By Kim Stewart
NASHVILLE, Tenn.—Blessing others is a simple premise, and it’s at the heart of what Hunt Brothers Pizza has done for 30 years. From humble beginnings in Tennessee to hitting a milestone of seeing its turn-key pizza programs in 8,000 stores this year, the family-owned foodservice company strives to “help people be successful,” Scott Hunt, Hunt Brothers CEO, shared in an interview with NACS Daily.
“We’ve been blessed,” Hunt said on a warm July day as he and Bryan Meng, Hunt Brothers Pizza COO and Hunt’s cousin, joined NACS Daily to talk about the Nashville-based company’s roots and what’s ahead.
“The main things for us is, we are focused on making the stores successful,” Hunt said. “We make sure they understand their profitability. If they are successful, we are successful.”
Hunt’s father and three uncles founded the pizza company on July 26, 1991, with a desire to be more than a wholesale distributor to the mostly rural convenience stores they served—they sought to lift up each store to help them grow.
“When the four brothers started this business, they wanted to do things differently, creating a whole new concept of c-store branded programs to help rural markets that were essentially food deserts at the time,” said Meng. “In their mission to help others, Hunt Brothers Pizza ended up primarily in rural convenience stores, which have remained the bulk of our business and led to our success 30 years later.”
Meng and Hunt are the second generation running the company (along with Britt, Erin, Adam and Frank Hunt). Scott Hunt, who succeeded his father at the helm, is working on succession plans for the third generation of leadership. “Making sure you have really good people running the business” is key, he said.
The turn-key pizza program, which is now in stores in 30 U.S. states, is built around simplicity. “Keep it simple. Simple gets it done,” Hunt said. The newest market is in West Texas, Meng shared, and Hunt Brothers Pizza also has a presence in five other countries via partnerships with the U.S. military.
The pizza menu and ingredients are consistent across the program. Hunt Brothers Pizza does limited time offers four times a year—Chicken Bacon Ranch Pizza, for instance is on offer starting today while supplies last.
The program is scalable, giving all its c-store partners the ability to operate with existing labor and in
stores of all sizes, providing dedicated account managers and nationwide marketing programs, plus what Meng calls A to Z training. And the company is intentional about the stores with which it partners.
“We don’t put stores on top of each other,” Hunt said, speaking of the program’s locations. “If we’re asking a store to commit to us, we’re going to commit to them.”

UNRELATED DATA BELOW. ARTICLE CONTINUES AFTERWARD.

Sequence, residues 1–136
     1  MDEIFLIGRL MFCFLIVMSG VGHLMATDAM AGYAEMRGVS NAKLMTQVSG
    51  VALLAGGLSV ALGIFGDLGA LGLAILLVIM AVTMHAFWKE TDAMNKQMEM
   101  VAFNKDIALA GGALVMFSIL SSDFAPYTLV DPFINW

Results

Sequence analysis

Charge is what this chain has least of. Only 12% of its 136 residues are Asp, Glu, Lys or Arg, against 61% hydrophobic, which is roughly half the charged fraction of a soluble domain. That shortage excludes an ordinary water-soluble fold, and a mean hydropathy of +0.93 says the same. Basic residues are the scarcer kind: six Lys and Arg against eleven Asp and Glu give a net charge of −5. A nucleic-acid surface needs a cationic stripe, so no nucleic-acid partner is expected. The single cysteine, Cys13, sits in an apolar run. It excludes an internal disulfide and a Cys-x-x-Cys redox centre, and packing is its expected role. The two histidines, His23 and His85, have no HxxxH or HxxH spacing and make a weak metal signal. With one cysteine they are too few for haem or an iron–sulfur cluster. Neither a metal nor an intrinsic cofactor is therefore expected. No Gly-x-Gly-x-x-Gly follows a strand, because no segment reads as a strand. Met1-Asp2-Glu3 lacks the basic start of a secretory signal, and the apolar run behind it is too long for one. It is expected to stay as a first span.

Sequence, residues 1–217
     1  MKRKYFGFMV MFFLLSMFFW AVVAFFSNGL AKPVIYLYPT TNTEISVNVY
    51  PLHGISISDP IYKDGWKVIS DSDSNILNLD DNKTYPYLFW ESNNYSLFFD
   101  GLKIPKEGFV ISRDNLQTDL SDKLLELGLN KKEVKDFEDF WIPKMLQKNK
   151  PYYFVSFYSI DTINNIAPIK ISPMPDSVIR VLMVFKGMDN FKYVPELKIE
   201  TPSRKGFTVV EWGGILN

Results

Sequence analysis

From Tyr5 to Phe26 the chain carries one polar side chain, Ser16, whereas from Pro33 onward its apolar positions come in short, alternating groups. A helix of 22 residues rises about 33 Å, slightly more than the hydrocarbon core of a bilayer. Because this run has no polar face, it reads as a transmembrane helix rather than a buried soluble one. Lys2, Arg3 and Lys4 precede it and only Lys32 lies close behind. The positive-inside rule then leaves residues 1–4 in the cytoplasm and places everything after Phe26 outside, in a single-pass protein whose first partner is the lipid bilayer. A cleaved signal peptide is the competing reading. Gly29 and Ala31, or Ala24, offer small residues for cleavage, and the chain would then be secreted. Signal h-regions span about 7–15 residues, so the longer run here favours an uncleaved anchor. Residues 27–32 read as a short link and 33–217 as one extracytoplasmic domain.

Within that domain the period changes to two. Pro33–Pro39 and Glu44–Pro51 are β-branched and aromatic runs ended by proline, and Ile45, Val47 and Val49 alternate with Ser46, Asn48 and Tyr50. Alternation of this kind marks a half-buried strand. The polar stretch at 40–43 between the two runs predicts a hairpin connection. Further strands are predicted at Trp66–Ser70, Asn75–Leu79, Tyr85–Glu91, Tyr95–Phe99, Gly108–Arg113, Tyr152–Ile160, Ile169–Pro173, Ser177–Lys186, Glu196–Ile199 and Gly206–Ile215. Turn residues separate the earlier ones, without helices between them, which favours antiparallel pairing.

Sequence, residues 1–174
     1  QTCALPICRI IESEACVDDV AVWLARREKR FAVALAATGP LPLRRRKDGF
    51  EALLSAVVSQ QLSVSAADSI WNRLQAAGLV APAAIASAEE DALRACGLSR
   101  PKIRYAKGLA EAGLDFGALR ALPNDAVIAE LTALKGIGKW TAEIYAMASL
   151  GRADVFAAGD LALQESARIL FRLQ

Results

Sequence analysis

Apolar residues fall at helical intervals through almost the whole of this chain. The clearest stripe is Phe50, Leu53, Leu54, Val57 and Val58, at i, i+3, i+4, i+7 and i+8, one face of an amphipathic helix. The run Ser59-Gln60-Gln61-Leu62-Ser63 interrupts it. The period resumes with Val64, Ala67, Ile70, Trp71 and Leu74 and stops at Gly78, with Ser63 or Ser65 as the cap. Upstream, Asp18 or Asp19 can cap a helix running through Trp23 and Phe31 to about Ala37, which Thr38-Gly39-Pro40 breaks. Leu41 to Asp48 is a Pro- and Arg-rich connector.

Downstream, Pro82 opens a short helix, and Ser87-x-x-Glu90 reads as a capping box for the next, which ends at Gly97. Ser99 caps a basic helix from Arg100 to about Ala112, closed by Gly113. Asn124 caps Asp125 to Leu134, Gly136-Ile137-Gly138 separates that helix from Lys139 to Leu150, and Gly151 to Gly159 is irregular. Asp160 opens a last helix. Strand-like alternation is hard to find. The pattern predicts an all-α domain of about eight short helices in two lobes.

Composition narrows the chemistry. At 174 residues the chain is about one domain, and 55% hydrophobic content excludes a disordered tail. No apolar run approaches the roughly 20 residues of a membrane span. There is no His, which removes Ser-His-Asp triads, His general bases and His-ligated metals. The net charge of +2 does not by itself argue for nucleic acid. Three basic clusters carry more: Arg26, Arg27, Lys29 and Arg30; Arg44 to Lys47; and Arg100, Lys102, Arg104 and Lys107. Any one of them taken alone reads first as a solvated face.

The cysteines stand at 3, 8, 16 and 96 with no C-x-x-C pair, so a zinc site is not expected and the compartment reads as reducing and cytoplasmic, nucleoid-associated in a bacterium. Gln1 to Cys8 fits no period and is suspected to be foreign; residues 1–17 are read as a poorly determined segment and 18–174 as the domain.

Matthew Turner of Jet Food Stores has partnered with Hunt Brothers for the past 15 years. “Hunt Brothers Pizza has been key to making our locations successful in offering quality foodservice in towns that do not have much available,” Turner said. “They have a great reputation in our region and are incredibly loyal and fair to their operators so that growth is achieved in a way that helps all locations grow rather than become overly competitive.”
Turner is appreciative of supportive account managers who “help us focus on the success of a pivotal foodservice program, which is one of my favorite aspects of their program… They have really become a part of our c-store family.”
At the field level, Hunt Brothers Pizza reps “literally carry in an oven and topping kit and show them how easy it is,” said Hunt, who started out in the field himself.
“In 1991 I was working for my Uncle Jimmy,” one of the company’s founders, Hunt recalls. “I was his first employee.” Hunt stopped in at a convenience store in northern Kentucky and introduced himself to the store manager. “She says, ‘I’m not buying anything.’ I said, I haven’t had lunch yet, and I’m just going to cook you up a pizza and get out of your way.” He proceeded to go out to his vehicle and retrieve a portable oven to cook up a pie on the spot, never asking her to buy anything. “Two hours later she was cooking pizzas.”
It’s that low-key approach that has served the company well for the past three decades.
“When we look into the future, our target is continuing to build the brand and increase the store count, and again, my No. 1 thing is succession,” said Hunt. “We look at the future as big.”
Kim Stewart is editor-in-chief of NACS Magazine and editorial director of NACS. Contact her at firstname.lastname@example.org.